(HealthDay)—The Society for Vascular Medicine (SVM) has published "Five Things Physicians and Patients Should Question" in vascular medicine, a list of five tests and procedures that are commonly used but can be unnecessary or even harmful.
The recommendations initially came from suggestions from members of the SVM, which were reduced to five recommendations by the Board of Trustees as part of the Choosing Wisely campaign.
The five evidence-based recommendations are: (1) do not test for a clotting disorder in patients with a first episode of deep vein thrombosis in the setting of a known cause; (2) do not repeat imaging for deep vein thrombosis in the absence of a clinical change; (3) avoid preoperative cardiovascular testing in patients undergoing low-risk surgery; (4) do not perform percutaneous or surgical revascularization of peripheral artery stenosis in patients without claudication or critical limb ischemia; and (5) do not screen for renal artery stenosis in patients without resistant hypertension and with normal renal function even if known atherosclerosis is present.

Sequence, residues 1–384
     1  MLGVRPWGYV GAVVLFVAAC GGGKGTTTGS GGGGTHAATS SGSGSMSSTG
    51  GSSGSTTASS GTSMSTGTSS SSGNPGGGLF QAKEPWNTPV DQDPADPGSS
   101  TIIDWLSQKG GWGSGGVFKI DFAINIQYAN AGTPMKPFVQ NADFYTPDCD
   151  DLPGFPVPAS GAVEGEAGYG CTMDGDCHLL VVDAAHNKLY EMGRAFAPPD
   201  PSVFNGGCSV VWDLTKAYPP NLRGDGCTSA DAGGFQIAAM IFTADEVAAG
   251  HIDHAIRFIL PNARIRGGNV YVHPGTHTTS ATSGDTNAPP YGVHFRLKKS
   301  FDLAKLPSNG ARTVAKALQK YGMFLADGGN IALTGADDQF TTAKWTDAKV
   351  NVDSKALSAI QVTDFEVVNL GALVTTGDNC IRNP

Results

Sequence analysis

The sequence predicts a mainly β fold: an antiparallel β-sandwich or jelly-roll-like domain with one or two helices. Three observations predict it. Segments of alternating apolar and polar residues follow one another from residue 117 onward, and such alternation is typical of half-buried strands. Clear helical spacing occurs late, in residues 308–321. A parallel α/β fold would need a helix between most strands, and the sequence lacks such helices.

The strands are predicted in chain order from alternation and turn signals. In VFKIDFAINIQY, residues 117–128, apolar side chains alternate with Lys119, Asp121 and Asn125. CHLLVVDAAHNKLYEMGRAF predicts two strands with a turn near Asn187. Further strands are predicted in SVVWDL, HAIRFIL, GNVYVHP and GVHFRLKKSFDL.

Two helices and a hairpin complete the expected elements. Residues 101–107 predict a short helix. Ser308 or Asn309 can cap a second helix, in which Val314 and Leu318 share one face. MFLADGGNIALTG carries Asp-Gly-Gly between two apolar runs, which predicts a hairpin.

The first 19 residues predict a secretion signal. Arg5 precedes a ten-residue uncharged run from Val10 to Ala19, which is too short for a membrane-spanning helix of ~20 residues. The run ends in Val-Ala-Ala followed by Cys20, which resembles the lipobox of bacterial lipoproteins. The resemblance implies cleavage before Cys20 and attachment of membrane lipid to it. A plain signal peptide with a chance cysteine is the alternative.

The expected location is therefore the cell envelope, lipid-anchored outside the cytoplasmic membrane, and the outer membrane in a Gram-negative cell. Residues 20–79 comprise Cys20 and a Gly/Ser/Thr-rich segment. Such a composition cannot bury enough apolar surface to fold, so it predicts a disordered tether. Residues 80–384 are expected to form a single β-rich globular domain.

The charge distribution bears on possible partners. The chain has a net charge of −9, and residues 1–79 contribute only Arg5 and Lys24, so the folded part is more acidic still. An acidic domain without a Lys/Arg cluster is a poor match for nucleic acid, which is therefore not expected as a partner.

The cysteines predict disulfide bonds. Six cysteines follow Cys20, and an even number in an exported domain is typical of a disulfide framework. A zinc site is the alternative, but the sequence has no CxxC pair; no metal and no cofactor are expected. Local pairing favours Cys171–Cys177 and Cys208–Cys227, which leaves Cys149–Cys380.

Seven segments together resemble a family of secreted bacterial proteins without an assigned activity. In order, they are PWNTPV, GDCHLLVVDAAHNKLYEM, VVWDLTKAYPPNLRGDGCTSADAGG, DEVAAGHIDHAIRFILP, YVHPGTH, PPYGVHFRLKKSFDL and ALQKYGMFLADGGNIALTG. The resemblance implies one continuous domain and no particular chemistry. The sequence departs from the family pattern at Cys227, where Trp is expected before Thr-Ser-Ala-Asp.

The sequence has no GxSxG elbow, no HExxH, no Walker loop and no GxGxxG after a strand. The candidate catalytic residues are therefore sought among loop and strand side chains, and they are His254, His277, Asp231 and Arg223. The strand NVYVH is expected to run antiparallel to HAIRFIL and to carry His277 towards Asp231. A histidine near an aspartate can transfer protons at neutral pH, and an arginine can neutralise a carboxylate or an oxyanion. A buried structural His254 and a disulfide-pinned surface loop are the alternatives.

"One of our society's core missions is to promote optimal standards of care in the diagnosis and treatment of vascular disease," James Froehlich, M.D., M.P.H., president-elect of SVM, said in a statement. "Through this innovative partnership with the ABIM Foundation, Consumer Reports, and Choosing Wisely, we are able to contribute to this goal by hopefully improving both awareness and action at the physician and patient level."
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